Explainer: Bugs, arachnids and different arthropods


Arachnid: A group of invertebrates that includes spiders, scorpions, mites, and ticks. Many have silk or poison glands.

arthropod: Any of the numerous invertebrates of the Arthropoda tribe, including insects, crustaceans, arachnids, and myriapods, characterized by an exoskeleton made of a hard material called chitin and a segmented body to which paired limbs are attached.

Beetle: An order of insects known as Coleoptera that contains at least 350,000 different species. Adults tend to have hard and / or horn-like “fore wings” that cover the wings used for flight.

error: The slang term for an insect. Sometimes it is even used to refer to a germ. (in arithmetic) Slang term for an error in computer code, the instructions that control the operation of a computer.

centipede: A genus or predatory arthropod with mandibles that act as fangs. They have many legs (hence their nickname Hundertbeiner). They also have a pair of venomous, fang-like legs.

Chelicera: A pair of arachnid mouthpieces that usually contain claws or fangs. Spiders often use them to catch prey, sometimes to make noise, and in webbuilders to cut silk filaments. Animals that house these are known as chelicerates.

Copepod: A type of small crustacean found in salt and fresh water. Some types of them are plankton that swims with the currents. Others spend time on the ocean floor. These animals are not limited to oceans; Copepods are also found in fresh water, from ponds to puddles. They are often used as food for larger species, and most of them eat phytoplankton – single-celled organisms that get their energy from the sun.

DNA: (short for deoxyribonucleic acid) A long, double-stranded, spiral-shaped molecule found in most living cells that contains genetic instructions. It is based on a backbone of phosphorus, oxygen and carbon atoms. In all living things, from plants and animals to microbes, these instructions tell cells which molecules to make.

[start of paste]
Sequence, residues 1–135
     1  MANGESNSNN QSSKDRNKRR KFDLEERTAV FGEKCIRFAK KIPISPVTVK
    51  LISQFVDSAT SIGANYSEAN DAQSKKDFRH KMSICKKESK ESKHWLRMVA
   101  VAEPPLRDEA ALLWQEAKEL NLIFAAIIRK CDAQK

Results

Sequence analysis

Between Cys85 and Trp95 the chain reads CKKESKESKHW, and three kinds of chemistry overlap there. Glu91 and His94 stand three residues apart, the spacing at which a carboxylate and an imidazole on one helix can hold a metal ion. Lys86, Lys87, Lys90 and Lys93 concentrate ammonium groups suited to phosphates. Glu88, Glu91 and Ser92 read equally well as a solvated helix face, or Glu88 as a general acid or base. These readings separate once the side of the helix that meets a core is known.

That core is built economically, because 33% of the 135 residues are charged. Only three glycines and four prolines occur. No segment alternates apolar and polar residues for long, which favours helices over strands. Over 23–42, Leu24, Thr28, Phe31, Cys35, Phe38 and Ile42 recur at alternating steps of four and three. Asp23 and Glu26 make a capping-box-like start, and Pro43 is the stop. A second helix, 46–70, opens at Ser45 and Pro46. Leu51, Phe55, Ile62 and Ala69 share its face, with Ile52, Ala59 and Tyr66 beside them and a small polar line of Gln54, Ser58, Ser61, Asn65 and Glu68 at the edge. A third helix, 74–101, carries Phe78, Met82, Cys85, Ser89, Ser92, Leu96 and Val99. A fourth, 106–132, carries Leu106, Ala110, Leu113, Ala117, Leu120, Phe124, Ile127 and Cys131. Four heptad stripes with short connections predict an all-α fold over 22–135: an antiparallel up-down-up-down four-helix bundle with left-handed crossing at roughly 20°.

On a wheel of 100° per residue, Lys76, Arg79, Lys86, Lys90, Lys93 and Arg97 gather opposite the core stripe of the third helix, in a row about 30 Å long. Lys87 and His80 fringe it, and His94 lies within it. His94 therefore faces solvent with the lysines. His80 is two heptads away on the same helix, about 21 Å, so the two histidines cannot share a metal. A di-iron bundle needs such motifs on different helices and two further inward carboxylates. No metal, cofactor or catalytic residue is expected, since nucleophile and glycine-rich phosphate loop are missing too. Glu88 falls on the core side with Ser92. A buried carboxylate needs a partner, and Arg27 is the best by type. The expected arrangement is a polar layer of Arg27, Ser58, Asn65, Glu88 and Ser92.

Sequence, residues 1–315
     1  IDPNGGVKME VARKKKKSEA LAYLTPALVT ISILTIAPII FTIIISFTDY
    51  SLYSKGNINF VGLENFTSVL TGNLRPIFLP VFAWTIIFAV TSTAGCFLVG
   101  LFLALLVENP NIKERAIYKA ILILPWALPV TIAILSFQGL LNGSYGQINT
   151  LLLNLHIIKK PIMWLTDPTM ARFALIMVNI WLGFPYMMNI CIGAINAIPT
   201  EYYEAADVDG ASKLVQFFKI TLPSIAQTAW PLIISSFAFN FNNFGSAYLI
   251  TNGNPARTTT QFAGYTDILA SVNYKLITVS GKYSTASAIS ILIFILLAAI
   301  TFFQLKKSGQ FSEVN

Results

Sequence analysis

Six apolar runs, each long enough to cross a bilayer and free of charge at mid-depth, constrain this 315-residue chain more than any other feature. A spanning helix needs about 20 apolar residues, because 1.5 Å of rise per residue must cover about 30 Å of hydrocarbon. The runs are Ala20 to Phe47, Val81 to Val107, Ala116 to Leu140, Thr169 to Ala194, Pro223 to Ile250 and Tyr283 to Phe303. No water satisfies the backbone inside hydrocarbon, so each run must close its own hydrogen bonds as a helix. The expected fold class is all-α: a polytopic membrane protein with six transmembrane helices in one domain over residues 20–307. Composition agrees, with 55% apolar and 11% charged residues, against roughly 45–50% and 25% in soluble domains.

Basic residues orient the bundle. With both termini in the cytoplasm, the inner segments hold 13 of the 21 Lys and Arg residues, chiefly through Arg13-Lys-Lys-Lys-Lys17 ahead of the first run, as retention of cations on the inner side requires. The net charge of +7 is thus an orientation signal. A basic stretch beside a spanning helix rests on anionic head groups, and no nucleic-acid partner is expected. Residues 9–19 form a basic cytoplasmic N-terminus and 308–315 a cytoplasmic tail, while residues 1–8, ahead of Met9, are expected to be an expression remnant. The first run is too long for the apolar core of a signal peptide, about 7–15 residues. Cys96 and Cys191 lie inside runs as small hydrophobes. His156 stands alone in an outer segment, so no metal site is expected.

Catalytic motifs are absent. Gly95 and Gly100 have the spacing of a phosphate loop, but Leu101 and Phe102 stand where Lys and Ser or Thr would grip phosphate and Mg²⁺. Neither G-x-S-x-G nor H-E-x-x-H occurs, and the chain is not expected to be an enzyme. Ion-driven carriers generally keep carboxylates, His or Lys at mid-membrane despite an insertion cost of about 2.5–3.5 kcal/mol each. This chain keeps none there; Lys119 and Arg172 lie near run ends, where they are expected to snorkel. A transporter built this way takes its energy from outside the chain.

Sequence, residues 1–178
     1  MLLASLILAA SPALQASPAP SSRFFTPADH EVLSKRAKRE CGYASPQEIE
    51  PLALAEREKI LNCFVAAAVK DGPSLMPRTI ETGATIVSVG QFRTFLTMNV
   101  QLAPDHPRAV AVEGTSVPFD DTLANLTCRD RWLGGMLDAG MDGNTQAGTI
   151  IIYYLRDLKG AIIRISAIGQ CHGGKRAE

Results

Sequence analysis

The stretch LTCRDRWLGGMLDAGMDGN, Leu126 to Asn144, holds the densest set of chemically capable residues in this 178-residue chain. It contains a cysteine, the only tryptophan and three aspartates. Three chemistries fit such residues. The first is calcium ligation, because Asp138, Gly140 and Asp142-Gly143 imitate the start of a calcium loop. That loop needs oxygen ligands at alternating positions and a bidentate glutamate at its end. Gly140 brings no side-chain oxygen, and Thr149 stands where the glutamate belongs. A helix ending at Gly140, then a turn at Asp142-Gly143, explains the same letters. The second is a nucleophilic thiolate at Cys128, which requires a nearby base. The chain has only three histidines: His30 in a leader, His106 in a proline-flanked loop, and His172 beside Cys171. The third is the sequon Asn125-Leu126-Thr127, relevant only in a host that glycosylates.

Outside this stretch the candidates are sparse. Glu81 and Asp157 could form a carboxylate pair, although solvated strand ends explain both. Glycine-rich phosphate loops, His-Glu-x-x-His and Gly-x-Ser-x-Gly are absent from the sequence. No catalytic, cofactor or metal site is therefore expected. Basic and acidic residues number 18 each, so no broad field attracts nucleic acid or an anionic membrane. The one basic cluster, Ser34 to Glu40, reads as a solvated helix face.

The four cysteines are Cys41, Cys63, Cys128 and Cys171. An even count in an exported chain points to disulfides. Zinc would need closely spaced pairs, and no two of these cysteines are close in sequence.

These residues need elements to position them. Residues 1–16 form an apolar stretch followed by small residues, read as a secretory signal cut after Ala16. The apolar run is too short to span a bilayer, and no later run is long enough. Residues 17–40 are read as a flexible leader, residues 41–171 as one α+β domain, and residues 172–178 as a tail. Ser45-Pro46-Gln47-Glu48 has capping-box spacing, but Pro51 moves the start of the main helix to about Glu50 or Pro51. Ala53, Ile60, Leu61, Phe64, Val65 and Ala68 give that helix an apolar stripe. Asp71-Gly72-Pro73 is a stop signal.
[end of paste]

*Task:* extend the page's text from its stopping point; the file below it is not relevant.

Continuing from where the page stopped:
Ecosystem: A group of interacting living organisms – including microorganisms, plants, and animals – and their physical environment in a given climate. Examples are tropical reefs, rainforests, alpine meadows and polar tundra. The term can also be applied to elements that make up an artificial environment, e.g. B. a company, a classroom or the Internet.

entomologist: A biologist who specializes in studying insects. A paleoentomologist studies ancient insects mainly by their fossils.

Surroundings: The sum of all things that exist around an organism or process and the state that these things create. Environment can relate to the weather and ecosystem an animal lives in, or possibly the temperature and humidity (or even the placement of things near an object of interest).

develop: (Adj. Evolved) To gradually change over generations or over a long period of time. In living organisms, such development usually involves random changes in genes that are then passed on to an individual’s offspring. These can lead to new features such as: B. a changed color, a new susceptibility to disease or protection against it or differently shaped features (such as legs, antennae, toes or internal organs). Inlive things can also be described as developing as they change over time. For example, the miniaturization of computers is sometimes described in terms of these devices becoming smaller, more complex devices.